Some Stories You Wont Hear On The BBC …….
‘Inter-faith activist Lord Indarjit Singh has quit BBC Radio 4 after three decades, accusing it of ‘behaving like thought police’ ….. The BBC tried to prevent him discussing a historical Sikh figure who stood up to Muslim oppression, in case it caused offence to Muslims; despite a lack of any complaints. The Sikh peer said: ’I can no longer accept prejudiced and intolerant attempts by the BBC to silence key Sikh teachings on tolerance, freedom of belief and the need for us all to make ours a more cohesive and responsible society …… the need for sensitivity in talking about religious, political or social issues has been taken to absurd proportions, with insistence on trivial textual changes right up to going into the studio, making it difficult to say anything worthwhile. I believe Guru Nanak (the founder of Sikhism) and Jesus Christ … would today not be allowed near ‘Thought For The Day’ (Andrew Ash, Gatestone Institute, 30th Oct)
‘That evening, Ribbentrop (Nazi Germany’s Foreign Minister), hosted a farewell party at the German Embassy …… At the party was the Director-General of the BBC, John Reith …… Reith was a puritanical crusader whose admiration for both the Nazis and Mussolini was reflected in his own, rather more benign dictatorship at Portland Place. One of the few people to seem genuinely sad that Ribbentrop was leaving, Reith asked the German Foreign Minister to assure Hitler that ‘the BBC was not anti-Nazi’ and that if they were to send his German opposite number over for a visit, he would fly the swastika from the top of Broadcasting House’ (’Appeasing Hitler‘, Tim Bouverie, Vintage Press)
‘White working-class children could fall even further behind at school because of ideas like ‘white privilege’, an expert has warned. Professor Matthew Goodwin (University of Kent), told the Education Select Committee that boys from such backgrounds are the worst performers in education and do not receive as much attention as other groups. He warned that such pupils face a ‘status deficit’: ‘My fear is that with the onset of new terms: toxic masculinity, white privilege; this is going to be even more of a problem as we send yet another signal to these communities that they are the problem and they should make amends simply for being who they are ..… that would be a very dangerous turn of events‘ (Daily Express, 14th Oct)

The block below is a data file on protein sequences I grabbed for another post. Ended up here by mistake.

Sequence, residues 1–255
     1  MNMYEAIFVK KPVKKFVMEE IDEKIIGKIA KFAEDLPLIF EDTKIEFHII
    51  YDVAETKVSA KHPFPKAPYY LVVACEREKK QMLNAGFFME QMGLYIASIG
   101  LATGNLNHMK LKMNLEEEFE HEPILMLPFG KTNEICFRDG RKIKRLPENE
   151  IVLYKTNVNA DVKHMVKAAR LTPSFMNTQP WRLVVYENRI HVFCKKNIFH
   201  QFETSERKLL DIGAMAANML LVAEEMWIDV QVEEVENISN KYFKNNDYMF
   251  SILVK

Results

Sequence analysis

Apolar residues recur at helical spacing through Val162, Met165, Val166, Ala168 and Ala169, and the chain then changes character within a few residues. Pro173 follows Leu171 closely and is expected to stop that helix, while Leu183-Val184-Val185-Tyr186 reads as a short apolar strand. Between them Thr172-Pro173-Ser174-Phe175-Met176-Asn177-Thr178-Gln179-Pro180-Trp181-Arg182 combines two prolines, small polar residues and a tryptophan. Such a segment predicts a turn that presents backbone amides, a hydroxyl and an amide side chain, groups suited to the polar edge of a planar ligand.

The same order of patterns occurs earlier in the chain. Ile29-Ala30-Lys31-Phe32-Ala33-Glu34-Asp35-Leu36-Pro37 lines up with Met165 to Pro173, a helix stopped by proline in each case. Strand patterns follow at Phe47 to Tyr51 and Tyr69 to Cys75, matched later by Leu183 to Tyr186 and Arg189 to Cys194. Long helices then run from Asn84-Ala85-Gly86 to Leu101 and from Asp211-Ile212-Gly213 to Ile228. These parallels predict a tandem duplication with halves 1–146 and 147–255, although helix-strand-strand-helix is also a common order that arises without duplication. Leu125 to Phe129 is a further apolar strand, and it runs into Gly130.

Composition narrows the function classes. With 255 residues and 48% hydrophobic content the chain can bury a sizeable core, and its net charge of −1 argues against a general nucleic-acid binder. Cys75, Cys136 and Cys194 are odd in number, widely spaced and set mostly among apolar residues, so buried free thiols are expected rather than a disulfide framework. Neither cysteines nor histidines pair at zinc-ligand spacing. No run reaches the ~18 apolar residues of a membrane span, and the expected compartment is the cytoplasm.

‘A new poll by JLL Partners has attempted to settle the question of which recent former PM in the last half century would have been best at dealing with today’s twin crises of Covid and Brexit. Perhaps surprisingly for many, Margaret Thatcher leads among every age cohort, bar 25-34 year olds. Even those aged 18-24 put Maggie first, as do every social grade and region, including Northern England and Scotland.‘ (Daily Express, 20th Nov).
‘Britain sent only one illegal migrant a week back to France last year, despite thousands making their way across the Channel. According to Home Office figures, just 53 (out of 495 requests to France) were returned during the whole of 2019 ….. Britain‘s efforts to send back migrants are being hampered by French rules which state that only 20 can be returned in one go ….’ (Daily Mail, 29th Aug)
‘A Mail on Sunday poll shows that public faith in the BBC is ebbing away ….. 28% watch no BBC TV; 57% never listen to any of its radio stations; 52% think the BBC is too politically correct; 59% do not consider the BBC reflects their values; 70% consider political correctness has gone too far; 67% consider the BBC has become less relevant because of online media’ (Daily Mail, 29th Aug)
If Fascism ever comes to America, it will come in the guise of Liberalism’ (Ronald Reagan, 1975)
Don’t forget to check the monthly Dorset Digest (via e-mail) locally, as well as checking our branch website www.ukipmiddorset.org
e-mail: firstname.lastname@example.org All items in this newsletter are personal views only and do not necessarily represent the views of the UK Independence Party Mid-Dorset & North Poole